However, this is not the end of the job, and perhaps the most vital part is yet to come – testing. This not only enables you to check that the connection works correctly, but, most importantly, that it is reliable, meets relevant industry standards, and is acceptable to the network owner. This should be required on all installs, even if the network owner hasn’t mandated it.

Topics: Headend, Fiber, Outside Plant, Premises

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What’s in a fiber network?

Posted by Dave Stockton


We all regularly talk about Fiber to the Premise (FTTP)/Fiber to the Home (FTTH) networks. But, in an era of specialisation, often we only know about the parts that we come into contact with during our working lives - such as the last drop connection, in the case of installers.

So what’s in an FTTP network and how does it work?

In brief, an FTTP network is made up of two main parts:

  • The physical layer.
  • The active optoelectronics. These can be in the central office, the outside network (if any) and at the customer premise.

The ITU-T standard helpfully defines the extent of a fiber network through the G series of recommendations.

It is G.984.2 that is most relevant here, as it covers GPON networks, and it is PONs I’ll address during this post.

Topics: Headend, Fiber, Premises

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How Comcast is achieving fiber protection in inside plant environments

Posted by Dan Patuto

Extending high speed fiber access through inside plant installations within buildings is often difficult, expensive and time consuming.

Often installations have to fit within very small spaces, such as congested ducts, and take up as little real estate as possible so as not to interfere with working areas. The environment is dynamic - floor plans change and new equipment is installed, so deployments need to be flexible and easy to upgrade, and if necessary re-route.

Fiber has to be protected with cables and ducts that are tough enough to withstand wear and tear from a whole range of enemies, such as accidental knocks from rogue technicians/installers, as well as needing to be small and easy to install. Protecting business critical data and communications that travel over fiber cables is a priority, but this requirement can be in conflict with the need to save space.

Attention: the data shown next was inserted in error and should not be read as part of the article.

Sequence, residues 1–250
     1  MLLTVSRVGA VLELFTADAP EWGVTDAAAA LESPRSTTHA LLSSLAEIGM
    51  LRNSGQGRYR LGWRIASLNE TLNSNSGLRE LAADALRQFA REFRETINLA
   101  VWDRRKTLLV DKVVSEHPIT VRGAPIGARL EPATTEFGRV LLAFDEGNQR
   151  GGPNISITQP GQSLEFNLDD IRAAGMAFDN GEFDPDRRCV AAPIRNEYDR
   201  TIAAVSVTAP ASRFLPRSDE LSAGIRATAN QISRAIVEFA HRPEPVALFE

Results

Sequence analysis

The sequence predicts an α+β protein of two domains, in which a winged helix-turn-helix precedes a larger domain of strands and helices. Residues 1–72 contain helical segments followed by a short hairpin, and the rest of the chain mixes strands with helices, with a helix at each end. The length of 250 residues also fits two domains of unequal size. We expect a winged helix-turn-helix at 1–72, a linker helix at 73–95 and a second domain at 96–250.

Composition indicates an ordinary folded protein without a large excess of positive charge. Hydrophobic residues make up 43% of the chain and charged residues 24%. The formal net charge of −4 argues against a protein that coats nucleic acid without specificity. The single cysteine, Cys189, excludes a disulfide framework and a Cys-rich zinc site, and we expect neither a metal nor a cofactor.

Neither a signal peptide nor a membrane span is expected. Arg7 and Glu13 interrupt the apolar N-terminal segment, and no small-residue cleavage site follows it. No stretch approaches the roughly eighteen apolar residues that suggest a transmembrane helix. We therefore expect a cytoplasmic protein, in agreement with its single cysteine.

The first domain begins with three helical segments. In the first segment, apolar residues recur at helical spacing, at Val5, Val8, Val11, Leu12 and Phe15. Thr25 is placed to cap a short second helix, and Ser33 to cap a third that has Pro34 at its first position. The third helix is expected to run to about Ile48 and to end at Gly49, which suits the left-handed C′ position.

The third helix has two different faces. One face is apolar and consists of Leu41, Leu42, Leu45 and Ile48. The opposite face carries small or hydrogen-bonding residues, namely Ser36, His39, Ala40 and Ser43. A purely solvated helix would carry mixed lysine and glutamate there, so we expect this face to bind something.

Topics: Headend, Fiber

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Protecting the data within data centres

Posted by Martin Gossling


The move to the Cloud and explosion in Big Data is driving unprecedented growth in the data centre market. Analyst company TechNavio forecasts a 10.7% global compound annual growth rate in the years up to 2016. And data centres themselves are becoming larger and more central to business operations. Over the same timeframe IDC predicts that US data centre total square footage will rise from 611.4 million to 700 million, even though the number of facilities would drop by half a million. IDC analyst Richard Villars believes that “The datacenter is evolving from a term to describe a room or building where I put my IT equipment to a term to describe the facility on which I’ll build and run my business.”

Data centres are complex environments, with particular needs. Continued availability is crucial, meaning they have to meet stringent Service Level Agreements (SLAs) but at the same time it must be simple to move, add or replace equipment without disrupting operations as requirements change.

Topics: Headend, Fiber, Industry